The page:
DALLAS AUTO & CAR ACCIDENTS
Q: What should I do if I am involved in an auto accident?
A: You should report the accident to the police and your insurance company, get medical help if injured, get names and addresses of all witnesses, be polite to the police officer or EMS, and exchange insurance and drivers license information with all parties to the accident. You should also get a copy of the 911 calls by contacting the investigating police department.
Q: If I was rear ended, can the other driver or his insurance company blame me for the accident?
A: Possibly if you did not stop in a safe manner or made or a sudden turn. However, basic driving rules require drivers behind you to stay far enough behind to safely stop their car.
Q: Am I required to wear a seat belt in Texas and are children required to be in child passenger safety seat system?
A: Yes. All adults including driver and passengers must wear seat belts. Children are required to be in child passenger safety seat systems if they are under 8 years of age or less than 57 inches in height. All children 8 and older must wear a safety belt.
Q: What if I was injured in a car accident but my car does not have a lot of damage, will this affect my claim?
A: Insurance companies and sometimes juries believe little property damage means no injury. In fact, sometimes the opposite is true, which is little property damage can cause severe injuries. Scientific evidence shows low impact collisions can cause serious injuries. You should contact a car accident attorney for advice.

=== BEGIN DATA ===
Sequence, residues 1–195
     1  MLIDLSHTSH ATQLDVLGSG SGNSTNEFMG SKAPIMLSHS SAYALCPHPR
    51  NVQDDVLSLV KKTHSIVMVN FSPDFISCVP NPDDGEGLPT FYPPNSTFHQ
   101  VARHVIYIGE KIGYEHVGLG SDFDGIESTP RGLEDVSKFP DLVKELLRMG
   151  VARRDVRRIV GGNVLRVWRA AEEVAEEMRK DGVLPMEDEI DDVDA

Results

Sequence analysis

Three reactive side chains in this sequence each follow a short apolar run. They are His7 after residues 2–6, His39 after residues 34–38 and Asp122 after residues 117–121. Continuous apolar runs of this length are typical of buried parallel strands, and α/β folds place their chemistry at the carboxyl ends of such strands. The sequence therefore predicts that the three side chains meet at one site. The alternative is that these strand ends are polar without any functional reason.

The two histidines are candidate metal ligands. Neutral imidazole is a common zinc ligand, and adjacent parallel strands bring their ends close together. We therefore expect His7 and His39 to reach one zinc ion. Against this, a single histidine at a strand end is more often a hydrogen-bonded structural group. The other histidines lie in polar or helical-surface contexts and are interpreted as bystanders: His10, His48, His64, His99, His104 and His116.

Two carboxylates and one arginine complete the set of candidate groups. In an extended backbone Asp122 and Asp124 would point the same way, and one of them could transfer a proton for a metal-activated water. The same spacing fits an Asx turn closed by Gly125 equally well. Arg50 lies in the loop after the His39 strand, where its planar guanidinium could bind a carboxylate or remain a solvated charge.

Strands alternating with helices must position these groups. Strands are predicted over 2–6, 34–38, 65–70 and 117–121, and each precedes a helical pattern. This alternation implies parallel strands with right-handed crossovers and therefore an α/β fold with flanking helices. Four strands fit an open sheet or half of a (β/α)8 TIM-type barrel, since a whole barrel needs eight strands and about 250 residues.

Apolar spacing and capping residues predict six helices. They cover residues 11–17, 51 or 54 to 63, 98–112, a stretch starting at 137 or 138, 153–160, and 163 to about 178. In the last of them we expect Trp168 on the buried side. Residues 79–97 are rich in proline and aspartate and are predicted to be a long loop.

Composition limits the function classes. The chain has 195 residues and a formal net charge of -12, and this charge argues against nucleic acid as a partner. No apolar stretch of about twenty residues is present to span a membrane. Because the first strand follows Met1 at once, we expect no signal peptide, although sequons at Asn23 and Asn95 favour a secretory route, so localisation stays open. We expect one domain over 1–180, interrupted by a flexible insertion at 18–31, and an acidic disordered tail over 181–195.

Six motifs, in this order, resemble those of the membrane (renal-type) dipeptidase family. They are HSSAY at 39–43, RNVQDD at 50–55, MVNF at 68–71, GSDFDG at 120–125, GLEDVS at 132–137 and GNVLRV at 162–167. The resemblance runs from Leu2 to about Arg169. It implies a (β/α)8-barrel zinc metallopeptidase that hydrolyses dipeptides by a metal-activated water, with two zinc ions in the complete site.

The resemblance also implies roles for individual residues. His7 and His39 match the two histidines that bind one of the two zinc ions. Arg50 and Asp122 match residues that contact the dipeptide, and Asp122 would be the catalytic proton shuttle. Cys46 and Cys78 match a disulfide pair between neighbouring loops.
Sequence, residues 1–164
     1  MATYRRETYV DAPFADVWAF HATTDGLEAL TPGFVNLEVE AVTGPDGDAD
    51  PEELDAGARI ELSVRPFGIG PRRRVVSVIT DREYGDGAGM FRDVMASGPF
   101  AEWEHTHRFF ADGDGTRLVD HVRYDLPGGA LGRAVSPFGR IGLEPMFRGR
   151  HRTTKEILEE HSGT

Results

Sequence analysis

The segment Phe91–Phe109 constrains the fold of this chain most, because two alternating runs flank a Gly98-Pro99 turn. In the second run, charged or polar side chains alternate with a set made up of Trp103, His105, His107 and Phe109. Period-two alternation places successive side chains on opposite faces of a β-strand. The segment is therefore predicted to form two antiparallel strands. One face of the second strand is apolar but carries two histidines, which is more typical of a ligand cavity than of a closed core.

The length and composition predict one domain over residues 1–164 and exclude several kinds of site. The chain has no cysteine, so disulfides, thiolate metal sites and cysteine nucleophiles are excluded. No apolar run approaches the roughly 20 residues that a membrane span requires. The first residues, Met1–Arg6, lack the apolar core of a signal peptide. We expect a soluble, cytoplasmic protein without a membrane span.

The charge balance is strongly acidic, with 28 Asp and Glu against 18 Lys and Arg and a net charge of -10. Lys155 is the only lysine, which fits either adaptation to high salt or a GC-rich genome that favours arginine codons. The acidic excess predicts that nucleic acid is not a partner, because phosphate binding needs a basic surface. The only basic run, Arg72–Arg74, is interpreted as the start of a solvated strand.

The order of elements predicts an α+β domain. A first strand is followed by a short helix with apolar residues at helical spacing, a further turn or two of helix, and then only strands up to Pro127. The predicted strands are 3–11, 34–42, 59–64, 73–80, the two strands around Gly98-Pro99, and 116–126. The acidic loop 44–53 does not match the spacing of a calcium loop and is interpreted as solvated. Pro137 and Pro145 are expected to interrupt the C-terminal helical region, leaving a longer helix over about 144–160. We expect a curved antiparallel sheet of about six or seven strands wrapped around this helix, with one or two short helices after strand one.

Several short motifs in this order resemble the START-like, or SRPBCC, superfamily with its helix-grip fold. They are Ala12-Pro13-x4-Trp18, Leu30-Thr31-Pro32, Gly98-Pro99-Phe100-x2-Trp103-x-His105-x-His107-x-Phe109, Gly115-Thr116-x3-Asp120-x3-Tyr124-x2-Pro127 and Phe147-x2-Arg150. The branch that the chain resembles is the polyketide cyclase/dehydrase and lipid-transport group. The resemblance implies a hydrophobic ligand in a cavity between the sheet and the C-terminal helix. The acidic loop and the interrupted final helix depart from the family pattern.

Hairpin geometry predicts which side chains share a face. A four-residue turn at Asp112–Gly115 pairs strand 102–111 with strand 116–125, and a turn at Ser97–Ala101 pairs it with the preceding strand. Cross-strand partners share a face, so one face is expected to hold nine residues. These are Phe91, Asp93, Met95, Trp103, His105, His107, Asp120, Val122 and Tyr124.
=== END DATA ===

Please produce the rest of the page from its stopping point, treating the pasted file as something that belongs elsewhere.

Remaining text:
Q: What if I do not have auto insurance but I am injured in an auto accident, can I assert a claim?
A: Yes but an investigating police officer may issue you a ticket for not having liability insurance.
Q: Should I get medical treatment after a car accident?
A: If you were injured, you should get medical treatment. Prompt medical attention will maximize your recovery and although injuries at first might be minor, if left untreated, they often develop into larger medical problems. If you delay treatment, the insurance company will take the position you were not seriously injured and decrease the value of your claim.
Q: What happens if I am injured by a “hit and run” driver or a driver who does not have insurance or low insurance limits?
A: You may file a claim under your auto insurance, which is known as an uninsured or underinsured claim (UM/UIM). This type of insurance should pay your medical bills and lost wages.